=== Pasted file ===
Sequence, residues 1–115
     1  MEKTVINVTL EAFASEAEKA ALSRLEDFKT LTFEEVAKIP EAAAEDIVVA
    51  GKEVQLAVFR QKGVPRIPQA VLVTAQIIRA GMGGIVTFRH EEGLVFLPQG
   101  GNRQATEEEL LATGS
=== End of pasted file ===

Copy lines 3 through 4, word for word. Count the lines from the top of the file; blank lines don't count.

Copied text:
    51  GKEVQLAVFR QKGVPRIPQA VLVTAQIIRA GMGGIVTFRH EEGLVFLPQG
   101  GNRQATEEEL LATGS